Afterwards, I trekked over to the Blue Moose Tavern—a local venue that, to no one’s surprise, is blue and has a giant moosehead in it—and bought a couple New Beligum beer cans for $2 each. Before hitting up the bartender, my friend Todd, who also was in town from the east coast, joked, “Think you can get this round?” I did, and we drank beer and felt 19, watching the bizarrely beautiful of Montreal do their whole psychedelic thing, which might have been the first time I’d actually listened to of Montreal since I was a college radio DJ. But, despite my pretentious ass had judgmental opinions before heading into the show, the venue was packed to the max, and when those dudes filled the room with confetti, people fucking lost it. I did too. How couldn’t you?
of Montreal and their fucking crazy antics. Photo by for .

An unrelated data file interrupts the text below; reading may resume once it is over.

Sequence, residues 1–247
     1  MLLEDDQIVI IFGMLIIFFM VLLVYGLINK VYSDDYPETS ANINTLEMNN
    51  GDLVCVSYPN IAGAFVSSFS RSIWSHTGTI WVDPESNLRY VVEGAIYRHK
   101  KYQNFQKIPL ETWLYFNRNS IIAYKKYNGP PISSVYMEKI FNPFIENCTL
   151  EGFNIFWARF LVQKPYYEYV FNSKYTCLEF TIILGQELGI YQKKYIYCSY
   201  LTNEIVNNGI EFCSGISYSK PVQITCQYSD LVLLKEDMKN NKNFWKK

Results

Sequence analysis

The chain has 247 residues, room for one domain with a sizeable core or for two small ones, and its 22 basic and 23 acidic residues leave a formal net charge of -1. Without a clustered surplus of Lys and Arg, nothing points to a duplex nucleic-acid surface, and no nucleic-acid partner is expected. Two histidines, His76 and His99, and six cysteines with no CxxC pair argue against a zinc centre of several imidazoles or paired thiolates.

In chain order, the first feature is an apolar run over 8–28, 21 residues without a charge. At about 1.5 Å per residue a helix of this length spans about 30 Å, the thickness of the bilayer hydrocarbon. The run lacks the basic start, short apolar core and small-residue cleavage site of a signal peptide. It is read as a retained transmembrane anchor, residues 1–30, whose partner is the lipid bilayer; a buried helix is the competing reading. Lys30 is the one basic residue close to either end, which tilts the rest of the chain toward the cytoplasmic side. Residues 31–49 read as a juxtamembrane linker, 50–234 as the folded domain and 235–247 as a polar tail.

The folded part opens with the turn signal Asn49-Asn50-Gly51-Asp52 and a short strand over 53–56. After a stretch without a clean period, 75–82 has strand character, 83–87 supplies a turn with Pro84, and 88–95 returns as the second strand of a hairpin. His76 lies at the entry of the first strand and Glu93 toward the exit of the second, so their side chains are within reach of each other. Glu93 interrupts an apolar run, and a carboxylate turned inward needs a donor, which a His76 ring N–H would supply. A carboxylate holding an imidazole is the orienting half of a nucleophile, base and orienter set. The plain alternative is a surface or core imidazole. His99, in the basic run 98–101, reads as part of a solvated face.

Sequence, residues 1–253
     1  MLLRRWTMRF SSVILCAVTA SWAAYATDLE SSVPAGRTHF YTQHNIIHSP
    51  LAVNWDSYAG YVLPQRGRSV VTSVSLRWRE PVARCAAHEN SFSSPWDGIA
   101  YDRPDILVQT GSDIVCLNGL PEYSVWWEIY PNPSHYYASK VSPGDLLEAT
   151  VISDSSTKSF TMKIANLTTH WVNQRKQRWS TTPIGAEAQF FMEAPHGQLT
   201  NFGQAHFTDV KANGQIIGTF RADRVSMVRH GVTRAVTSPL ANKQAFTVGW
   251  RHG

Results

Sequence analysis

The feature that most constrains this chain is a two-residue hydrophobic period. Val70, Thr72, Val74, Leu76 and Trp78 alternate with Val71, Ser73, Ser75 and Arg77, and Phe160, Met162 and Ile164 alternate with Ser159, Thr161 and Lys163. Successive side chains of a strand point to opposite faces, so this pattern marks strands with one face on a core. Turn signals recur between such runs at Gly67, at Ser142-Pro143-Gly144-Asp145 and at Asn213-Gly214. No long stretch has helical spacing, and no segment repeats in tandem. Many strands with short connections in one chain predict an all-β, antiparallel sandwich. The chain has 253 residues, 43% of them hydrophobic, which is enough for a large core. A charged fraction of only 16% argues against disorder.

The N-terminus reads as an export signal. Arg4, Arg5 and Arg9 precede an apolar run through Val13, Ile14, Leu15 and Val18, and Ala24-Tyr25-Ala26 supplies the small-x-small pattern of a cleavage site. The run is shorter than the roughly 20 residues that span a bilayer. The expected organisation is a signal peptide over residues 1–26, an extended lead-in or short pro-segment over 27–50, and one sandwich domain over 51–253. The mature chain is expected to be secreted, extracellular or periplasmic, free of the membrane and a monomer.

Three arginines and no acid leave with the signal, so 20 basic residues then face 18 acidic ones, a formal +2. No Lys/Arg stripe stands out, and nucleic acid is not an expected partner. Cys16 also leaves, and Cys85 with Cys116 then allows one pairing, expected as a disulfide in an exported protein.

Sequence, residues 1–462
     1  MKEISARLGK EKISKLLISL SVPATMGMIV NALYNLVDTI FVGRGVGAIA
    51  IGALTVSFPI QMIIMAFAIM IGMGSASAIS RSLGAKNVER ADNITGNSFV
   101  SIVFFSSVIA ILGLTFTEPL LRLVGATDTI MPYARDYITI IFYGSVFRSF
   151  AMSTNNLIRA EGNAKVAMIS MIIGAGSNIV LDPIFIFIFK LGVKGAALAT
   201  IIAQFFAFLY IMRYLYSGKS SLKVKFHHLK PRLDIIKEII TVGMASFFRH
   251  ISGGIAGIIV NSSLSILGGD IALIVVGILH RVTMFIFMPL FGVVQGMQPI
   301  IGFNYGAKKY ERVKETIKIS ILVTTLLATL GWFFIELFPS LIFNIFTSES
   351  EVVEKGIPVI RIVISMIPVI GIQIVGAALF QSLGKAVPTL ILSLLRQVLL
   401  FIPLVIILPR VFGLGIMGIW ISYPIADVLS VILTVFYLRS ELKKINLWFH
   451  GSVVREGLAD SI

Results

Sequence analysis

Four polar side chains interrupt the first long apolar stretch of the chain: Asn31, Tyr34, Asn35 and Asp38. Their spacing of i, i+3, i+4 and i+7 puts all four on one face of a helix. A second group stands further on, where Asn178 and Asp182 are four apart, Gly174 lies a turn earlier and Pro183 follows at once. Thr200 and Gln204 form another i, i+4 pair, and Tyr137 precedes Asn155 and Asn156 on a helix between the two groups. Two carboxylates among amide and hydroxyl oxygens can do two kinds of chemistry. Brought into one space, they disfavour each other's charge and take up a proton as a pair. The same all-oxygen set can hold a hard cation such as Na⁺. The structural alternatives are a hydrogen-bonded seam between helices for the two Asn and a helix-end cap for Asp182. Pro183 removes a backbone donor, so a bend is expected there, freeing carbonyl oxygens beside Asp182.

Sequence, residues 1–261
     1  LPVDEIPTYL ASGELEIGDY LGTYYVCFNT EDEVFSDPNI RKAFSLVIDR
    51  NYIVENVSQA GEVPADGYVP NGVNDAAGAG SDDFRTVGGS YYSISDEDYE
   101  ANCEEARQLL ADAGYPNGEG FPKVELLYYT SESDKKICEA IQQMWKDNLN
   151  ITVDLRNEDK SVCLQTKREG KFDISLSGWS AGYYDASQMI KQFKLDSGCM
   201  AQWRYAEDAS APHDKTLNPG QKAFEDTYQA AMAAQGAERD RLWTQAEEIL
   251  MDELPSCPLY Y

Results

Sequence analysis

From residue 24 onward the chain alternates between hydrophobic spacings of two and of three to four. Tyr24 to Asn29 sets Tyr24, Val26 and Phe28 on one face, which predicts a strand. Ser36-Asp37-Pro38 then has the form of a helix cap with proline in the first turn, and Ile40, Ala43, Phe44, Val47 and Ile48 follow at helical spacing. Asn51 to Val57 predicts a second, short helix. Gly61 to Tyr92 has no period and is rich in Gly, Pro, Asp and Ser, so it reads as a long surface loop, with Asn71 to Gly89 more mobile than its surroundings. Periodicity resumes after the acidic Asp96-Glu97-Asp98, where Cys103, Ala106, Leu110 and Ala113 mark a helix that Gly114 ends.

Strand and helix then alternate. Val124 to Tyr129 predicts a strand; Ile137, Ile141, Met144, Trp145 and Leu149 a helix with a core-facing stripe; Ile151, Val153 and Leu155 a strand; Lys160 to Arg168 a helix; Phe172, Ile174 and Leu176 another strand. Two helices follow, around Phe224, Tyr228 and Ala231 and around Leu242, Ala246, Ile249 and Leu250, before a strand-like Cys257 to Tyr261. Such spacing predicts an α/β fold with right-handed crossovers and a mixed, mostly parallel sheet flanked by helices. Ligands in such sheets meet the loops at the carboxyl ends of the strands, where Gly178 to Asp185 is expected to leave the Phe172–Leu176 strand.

Then I hit the Mill, a staple of a venue in Iowa City. The bar is smelly and gross and they serve beer for nearly nothing and there’s a pool table that doesn’t really work and their food is above average and takes way too long to arrive but this place is the best fucking place on earth and I have left way too much money there. In college, I once saw Deer Tick perform and their lead singer John McCauley spend most of his set drunkenly jumping from table to table before nearly falling off and cracking his skull. That was awesome. Unfortunately, the first night gave us S. Carey—who I guess is the new version of Bon Iver? Or maybe Death Cab for Cutie?—who was headlining, and holy shit it was boring. (I really like Bon Iver, too, and I know that S. Carey is a member!) After the show, I talked to a kid who asked me how it was. “Well, I nearly fell asleep,” I joked, and realized that by saying that I might have stepped on his entire self-worth. “This is the fourth time I’ve seen them,” he said, fiercely. “S. Carey is fucking awesome and you are an idiot.” He got up and walked away, leaving me to feel like an asshole because the fact is that when I was a sophomore in college and I was going through Emotions, I probably would’ve seen S. Carey four times too. After all, music is subjective.